Big Love was an enormously successful HBO drama a few years ago. Bill Henrickson is an all round kind, hardworking husband and father in Utah. His children are clean and cute. His wife is ….wait, his wives are industrious and welcoming. Well, most of the time. Hold up! Wives? He had more than one? Oh yes, he did.
That was the one big difference between Mr Henrickson and the average American husband – instead of one wife, he had three. Along with nine children, three houses, and a secret polygamous lifestyle he worked hard to hide from the neighbors. In short – he was at the center of a world of drama.
Later on, after Big Love had ended, came Sister Wives – another show about a polygamous family in Utah. The difference this time, of course, was the fact that this one wasn’t fiction. Kody Brown and his four wives ended up fleeing the state of Utah some time after the show began airing because they feared persecution from the State. Why, you wonder?
Because polygamy, also known as plural marriage, is illegal in the United States. And while it is entirely possible for something to be illegal on a federal level while being legal in a particular state (think medical marijuana), polygamy is illegal in every state in the U.S. And it’s not a “slap-on-the-wrist” type of crime either. It’s a big deal. In Michigan, polygamy is a felony that can earn you up to four years in prison.
The question you may be asking now is why? Why is polygamy illegal, and why does it make any difference?
After all, who cares what people choose to do in the privacy of their own homes, right? Well, not according to the law. In Michigan, the specific act that is illegal is the act of “bigamy”, which by definition means marrying one person when you are already married to another. However the term “bigamist” is used more commonly for a person who gets married again without formalizing a divorce from their prior spouse first.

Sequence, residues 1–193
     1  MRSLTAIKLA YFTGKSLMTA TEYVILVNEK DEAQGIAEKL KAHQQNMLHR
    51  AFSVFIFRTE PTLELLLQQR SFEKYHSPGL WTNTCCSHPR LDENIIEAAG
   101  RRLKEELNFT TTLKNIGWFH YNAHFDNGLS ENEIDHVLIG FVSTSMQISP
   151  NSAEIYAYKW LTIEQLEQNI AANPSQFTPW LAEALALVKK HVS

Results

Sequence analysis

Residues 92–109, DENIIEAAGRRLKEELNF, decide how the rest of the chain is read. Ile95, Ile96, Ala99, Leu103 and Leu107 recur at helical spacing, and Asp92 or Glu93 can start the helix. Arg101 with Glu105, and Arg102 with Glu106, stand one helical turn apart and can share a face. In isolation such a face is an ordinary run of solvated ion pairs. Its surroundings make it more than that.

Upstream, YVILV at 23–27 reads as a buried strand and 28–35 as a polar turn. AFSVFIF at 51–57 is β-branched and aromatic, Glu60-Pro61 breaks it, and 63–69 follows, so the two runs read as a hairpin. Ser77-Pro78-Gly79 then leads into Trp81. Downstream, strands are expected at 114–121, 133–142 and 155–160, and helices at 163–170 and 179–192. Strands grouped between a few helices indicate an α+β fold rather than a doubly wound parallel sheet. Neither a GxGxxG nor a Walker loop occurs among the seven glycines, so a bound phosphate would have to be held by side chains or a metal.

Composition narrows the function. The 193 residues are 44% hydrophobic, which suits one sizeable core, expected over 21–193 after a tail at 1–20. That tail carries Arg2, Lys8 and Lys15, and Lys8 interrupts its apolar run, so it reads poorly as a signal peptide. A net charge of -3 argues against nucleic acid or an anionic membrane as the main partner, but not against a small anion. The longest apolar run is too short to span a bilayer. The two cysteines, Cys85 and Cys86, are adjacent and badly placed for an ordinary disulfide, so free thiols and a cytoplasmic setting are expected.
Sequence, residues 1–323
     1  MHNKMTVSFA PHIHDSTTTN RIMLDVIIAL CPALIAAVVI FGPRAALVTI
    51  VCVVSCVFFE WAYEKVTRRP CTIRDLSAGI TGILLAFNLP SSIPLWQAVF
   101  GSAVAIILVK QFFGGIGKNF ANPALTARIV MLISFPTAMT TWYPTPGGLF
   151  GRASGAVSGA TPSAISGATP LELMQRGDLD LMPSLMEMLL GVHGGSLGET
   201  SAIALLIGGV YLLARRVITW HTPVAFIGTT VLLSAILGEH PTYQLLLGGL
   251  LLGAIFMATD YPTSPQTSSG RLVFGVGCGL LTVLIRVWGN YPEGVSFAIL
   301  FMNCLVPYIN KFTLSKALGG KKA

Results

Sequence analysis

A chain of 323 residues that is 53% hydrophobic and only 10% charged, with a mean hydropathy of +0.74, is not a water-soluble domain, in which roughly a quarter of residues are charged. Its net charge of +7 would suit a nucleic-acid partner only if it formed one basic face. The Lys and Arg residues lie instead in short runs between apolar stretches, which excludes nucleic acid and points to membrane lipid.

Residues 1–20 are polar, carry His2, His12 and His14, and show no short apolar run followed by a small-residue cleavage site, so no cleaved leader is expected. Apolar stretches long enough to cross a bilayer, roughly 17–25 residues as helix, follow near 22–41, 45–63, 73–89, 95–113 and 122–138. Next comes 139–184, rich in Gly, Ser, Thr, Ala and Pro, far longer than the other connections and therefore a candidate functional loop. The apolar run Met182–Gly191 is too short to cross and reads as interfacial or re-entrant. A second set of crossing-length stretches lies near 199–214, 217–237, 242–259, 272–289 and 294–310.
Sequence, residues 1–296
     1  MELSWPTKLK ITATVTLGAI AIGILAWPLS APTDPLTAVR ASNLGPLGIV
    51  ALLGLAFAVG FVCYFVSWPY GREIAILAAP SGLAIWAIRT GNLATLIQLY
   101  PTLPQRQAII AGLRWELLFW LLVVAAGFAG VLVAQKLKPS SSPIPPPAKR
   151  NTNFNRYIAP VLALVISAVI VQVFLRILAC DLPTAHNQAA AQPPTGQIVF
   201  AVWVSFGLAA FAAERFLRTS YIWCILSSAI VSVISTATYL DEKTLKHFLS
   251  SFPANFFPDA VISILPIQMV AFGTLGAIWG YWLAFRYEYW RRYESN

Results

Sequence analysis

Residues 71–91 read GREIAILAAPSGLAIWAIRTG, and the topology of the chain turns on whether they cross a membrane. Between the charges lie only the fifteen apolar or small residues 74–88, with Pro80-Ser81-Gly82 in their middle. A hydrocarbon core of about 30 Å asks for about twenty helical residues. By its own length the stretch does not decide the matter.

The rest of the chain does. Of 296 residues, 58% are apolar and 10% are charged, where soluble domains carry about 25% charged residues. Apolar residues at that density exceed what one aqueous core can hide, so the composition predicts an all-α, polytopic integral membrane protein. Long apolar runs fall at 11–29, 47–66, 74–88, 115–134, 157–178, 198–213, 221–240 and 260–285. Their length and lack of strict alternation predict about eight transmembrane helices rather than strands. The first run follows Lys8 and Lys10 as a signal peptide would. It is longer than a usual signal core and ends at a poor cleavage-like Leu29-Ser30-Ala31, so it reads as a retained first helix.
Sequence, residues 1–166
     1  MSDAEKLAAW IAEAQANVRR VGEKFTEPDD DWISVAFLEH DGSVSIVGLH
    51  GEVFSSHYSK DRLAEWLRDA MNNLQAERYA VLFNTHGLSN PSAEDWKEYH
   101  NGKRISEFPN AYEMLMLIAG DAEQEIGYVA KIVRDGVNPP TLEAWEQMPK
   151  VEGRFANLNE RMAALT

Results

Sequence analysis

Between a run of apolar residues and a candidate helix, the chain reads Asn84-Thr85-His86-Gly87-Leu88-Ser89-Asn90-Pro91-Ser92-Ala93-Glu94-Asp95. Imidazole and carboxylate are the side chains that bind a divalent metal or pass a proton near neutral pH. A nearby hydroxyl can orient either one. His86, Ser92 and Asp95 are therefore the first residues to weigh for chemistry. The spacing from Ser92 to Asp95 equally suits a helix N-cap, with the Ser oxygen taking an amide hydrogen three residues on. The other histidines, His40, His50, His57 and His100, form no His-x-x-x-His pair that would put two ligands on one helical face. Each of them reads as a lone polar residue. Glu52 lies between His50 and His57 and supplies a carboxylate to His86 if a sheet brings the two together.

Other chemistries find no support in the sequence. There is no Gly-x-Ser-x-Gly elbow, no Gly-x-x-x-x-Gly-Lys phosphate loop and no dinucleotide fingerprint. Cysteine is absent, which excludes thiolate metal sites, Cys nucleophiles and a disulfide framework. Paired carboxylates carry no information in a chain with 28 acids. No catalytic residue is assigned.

The term “polygamist”, on the other hand, tends to refer to a person who has chosen to pursue plural marriage. In other words, living with many wives at the same time, all of whom know about each other and are at least nominally okay with the lifestyle choice. (Technically, the term can refer to a woman with many husbands, but this is an extremely rare instance.)
Due to it’s long Mormon history, Utah seems to have the largest number of polygamy protagonists. But even then, this is a small and generally quiet group of people. Very few of them seek out the limelight for fear of both public persecution, and legal prosecution. It is worth noting though, that polygamy is a felony in 30 out of the 50 states, and Utah is one of these.
In the wake of such publicized TV shows and reality shows that reveal the behind-the-scenes lives of modern day polygamists, some practitioners now feel safer being open about their plural marriage choices. Most, however, still lead double lives. Hiding their additional wives and children behind layers of carefully crafted facade, or on communes where the prying eyes of the law and other non-believers won’t interfere.
But does this happen in Michigan? And does divorce mean the same thing for someone in a plural marriage as it does for someone with a single spouse? Join us next time, when we will be looking at the legalities of plural marriage, and what divorce means in this context. Until then, if you need help with with your (single spouse) divorce, custody issues, or parenting time, our highly skilled divorce attorneys are here to help you. Call 866 766 5245 today to discuss your situation and get the best legal help in mid-Michigan.